Dining is a challenge in Muang Sing as many of the restaurants have closed.
Phou Iu II is the best and practically the only eating option – luckily it’s good. It’s a large menu of stir-fried meat and veg dishes with rice or noodles. The portions are big, ingredients fresh, prices reasonable and the food tasty. They serve breakfast, lunch and dinner. Even if you aren’t staying at this guesthouse, we recommend coming here for a meal or two.
Tailu Restaurant has downsized and moved across from its old location (which is now a Chinese business), a sign of the hard times in tourism. The owners are still welcoming and serve traditional Tai Lue cuisine, which is quite different from Lao food. The menu has English translations and explanations about Tai Lue dishes like crispy buffalo skin and young bamboo shoots stir fried with egg, lemongrass and soy sauce. They also do a cheap Western breakfast. A must try is the stir-fried “Muang Sing khao soi noodles,” a flat and wide fresh rice noodle that’s stir-fried with a fermented soybean paste and roasted chilli. With vegetables it’s only 15,000 kip. The owners here speak some English and it’s worthwhile to stop in during the day and order dinner in advance so the cook can go to the market and see what’s fresh.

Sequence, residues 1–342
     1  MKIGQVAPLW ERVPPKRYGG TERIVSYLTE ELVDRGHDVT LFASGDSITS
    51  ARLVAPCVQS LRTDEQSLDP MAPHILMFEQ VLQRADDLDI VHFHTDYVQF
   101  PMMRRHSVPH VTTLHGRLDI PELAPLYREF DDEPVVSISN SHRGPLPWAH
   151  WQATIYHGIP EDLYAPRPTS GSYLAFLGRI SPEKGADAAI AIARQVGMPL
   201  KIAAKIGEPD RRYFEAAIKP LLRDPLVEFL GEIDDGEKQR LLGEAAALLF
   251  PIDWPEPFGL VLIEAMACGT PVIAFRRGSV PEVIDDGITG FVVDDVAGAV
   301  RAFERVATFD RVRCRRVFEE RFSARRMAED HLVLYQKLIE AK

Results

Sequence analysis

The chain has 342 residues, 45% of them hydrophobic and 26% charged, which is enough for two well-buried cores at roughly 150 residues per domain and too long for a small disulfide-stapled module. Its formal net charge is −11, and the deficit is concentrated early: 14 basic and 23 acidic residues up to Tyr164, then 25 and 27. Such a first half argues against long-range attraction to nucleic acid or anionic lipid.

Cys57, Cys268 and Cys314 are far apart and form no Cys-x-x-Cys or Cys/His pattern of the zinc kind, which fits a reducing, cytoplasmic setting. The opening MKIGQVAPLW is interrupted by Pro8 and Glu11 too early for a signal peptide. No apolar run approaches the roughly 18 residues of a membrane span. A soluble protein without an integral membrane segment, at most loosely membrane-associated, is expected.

You can try khao soi noodle soup at the morning market. There’s also a good noodle soup shop that serves Lao-style pho and fresh chewy khao piak rice noodles for a lunchtime fix. Follow the main street in the direction of the Chinese border, cross the small bridge over the Nam Sing river and it will be a few hundred metres on your left across from a tiny pharmacy. Look for the building shaded by hanging adverts and tables inside loaded with the usual noodle soup condiments and sauces.
If you’re out exploring the villages near the Chinese border, try stopping by Adima Guesthouse. Their restaurant pavilion is a tranquil spot overlooking paddy and the stir-fry dishes are cheap, ranging from 10,000 to 30,000 kip.